The Archives at Heritage Quay will be celebrating The Big Draw during October with the launch of an arts based workshop, Draw It! which draws inspiration from two local historical figures, Victor Grayson, M.P. for Colne Valley in the early 20th century, and Susannah Sunderland, “Yorkshire Queen of Song”, the founder of the choral competition which will be familiar to many Huddersfield schools.

In November, Heritage Quay will be handing over control to students from Netherhall High School’s history club as they take over the archives on Friday 20 November, as part of the national Kids in Museums campaign. They’ll be undertaking some research of their own as well as taking on the roles and tasks of Archivists.

We’ve already got some role play experience under our belt through our theatre workshop Play It! which took place back in June.  This drama workshop takes the Rugby League collection at Heritage Quay as its starting point.  Supporting History and English curriculum objectives, Y6 children from Lindley Junior School re-told the story of the birth of Rugby League and its impact on local communities.  They were led through a range of dramatic techniques by professional actors from Chol Theatre along with Huddersfield University drama students.  The pupils and their teachers learned a lot about acting and rugby – they thoroughly enjoyed dressing up, handling artefacts from the collection – and wearing false moustaches!  Here they are posing at the end of their performance with the 1892 Yorkshire Senior Competition Shield.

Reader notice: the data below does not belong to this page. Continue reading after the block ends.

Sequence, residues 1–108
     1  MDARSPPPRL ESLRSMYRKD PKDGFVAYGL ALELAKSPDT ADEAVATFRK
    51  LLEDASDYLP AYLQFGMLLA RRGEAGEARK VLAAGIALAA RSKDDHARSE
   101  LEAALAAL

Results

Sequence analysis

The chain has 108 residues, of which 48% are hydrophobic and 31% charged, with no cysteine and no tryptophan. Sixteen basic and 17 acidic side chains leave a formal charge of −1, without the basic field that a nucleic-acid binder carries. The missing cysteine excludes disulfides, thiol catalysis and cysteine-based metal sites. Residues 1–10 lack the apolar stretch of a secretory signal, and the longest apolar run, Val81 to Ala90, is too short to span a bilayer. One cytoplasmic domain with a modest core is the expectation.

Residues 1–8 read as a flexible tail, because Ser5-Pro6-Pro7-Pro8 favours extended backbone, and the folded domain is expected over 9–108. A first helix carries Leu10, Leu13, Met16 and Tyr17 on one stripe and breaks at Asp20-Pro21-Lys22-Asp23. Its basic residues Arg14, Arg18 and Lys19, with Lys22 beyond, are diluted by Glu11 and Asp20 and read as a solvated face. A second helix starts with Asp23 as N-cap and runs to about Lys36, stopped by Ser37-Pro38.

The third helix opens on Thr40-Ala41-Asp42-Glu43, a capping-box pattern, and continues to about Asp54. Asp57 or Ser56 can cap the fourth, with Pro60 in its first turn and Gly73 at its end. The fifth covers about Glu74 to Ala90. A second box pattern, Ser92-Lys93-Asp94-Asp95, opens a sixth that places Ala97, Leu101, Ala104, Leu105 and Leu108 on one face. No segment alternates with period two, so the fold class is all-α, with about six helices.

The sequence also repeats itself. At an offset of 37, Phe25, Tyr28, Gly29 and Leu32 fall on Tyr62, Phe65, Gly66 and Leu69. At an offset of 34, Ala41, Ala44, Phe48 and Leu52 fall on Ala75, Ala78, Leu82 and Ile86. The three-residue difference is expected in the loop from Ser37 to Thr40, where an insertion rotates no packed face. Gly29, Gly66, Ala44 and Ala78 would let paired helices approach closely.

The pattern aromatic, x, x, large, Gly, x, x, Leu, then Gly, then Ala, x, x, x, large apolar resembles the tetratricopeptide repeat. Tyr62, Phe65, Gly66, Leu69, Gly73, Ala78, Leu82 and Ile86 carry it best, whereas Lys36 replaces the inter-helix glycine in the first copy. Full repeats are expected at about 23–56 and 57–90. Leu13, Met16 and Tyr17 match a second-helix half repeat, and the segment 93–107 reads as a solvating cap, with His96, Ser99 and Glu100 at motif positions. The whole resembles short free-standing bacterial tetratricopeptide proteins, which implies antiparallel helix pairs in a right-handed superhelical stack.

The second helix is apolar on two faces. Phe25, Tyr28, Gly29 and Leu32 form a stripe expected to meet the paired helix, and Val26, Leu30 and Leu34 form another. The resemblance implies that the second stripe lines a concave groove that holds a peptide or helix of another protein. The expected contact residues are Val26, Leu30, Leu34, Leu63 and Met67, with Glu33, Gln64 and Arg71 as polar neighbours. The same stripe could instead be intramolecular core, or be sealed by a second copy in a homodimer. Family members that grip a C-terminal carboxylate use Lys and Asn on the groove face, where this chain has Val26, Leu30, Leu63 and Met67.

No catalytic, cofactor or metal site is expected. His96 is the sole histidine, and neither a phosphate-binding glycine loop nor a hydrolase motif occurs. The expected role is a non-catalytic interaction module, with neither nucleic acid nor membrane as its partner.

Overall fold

Our schools workshops support National Curriculum objectives, last around 3 hours, can include a campus tour, and best of all, are completely FREE!

So if you would like your class to discover their inner thespian, architect, researcher or artist, drop an email to T.Wells@hud.ac.uk  or give her a ring on 01484 473 168.

We look forward to seeing you this term at Heritage Quay!

Rugby League Drama Workshop 2015

“Try not to have a good time – this is supposed to be educational.”

Charles Schulz’s views sum up the hurdle facing heritage officers when it comes to providing outreach activities for schools.
It’s a challenge for any setting to meet the expectations of children who view the words “school trip” as shorthand for non-stop entertainment, whilst at the same time reassuring teachers that enjoyment need not be a barrier to achieving national curriculum requirements.